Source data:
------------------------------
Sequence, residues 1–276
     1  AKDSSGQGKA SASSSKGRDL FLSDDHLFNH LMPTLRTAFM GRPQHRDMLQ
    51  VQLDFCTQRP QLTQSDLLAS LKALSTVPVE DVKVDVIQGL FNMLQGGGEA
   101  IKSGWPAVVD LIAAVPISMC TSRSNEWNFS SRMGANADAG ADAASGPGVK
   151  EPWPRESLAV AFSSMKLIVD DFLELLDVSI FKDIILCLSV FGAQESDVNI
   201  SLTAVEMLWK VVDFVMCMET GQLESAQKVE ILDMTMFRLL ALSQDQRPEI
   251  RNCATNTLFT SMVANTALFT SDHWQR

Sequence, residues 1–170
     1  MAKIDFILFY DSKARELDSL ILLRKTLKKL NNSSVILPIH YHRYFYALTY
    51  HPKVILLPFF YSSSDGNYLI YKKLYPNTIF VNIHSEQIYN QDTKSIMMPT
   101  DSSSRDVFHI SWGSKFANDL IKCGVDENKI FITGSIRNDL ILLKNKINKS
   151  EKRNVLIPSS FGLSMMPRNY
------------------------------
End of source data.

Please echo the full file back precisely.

Sequence, residues 1–276
     1  AKDSSGQGKA SASSSKGRDL FLSDDHLFNH LMPTLRTAFM GRPQHRDMLQ
    51  VQLDFCTQRP QLTQSDLLAS LKALSTVPVE DVKVDVIQGL FNMLQGGGEA
   101  IKSGWPAVVD LIAAVPISMC TSRSNEWNFS SRMGANADAG ADAASGPGVK
   151  EPWPRESLAV AFSSMKLIVD DFLELLDVSI FKDIILCLSV FGAQESDVNI
   201  SLTAVEMLWK VVDFVMCMET GQLESAQKVE ILDMTMFRLL ALSQDQRPEI
   251  RNCATNTLFT SMVANTALFT SDHWQR

Sequence, residues 1–170
     1  MAKIDFILFY DSKARELDSL ILLRKTLKKL NNSSVILPIH YHRYFYALTY
    51  HPKVILLPFF YSSSDGNYLI YKKLYPNTIF VNIHSEQIYN QDTKSIMMPT
   101  DSSSRDVFHI SWGSKFANDL IKCGVDENKI FITGSIRNDL ILLKNKINKS
   151  EKRNVLIPSS FGLSMMPRNY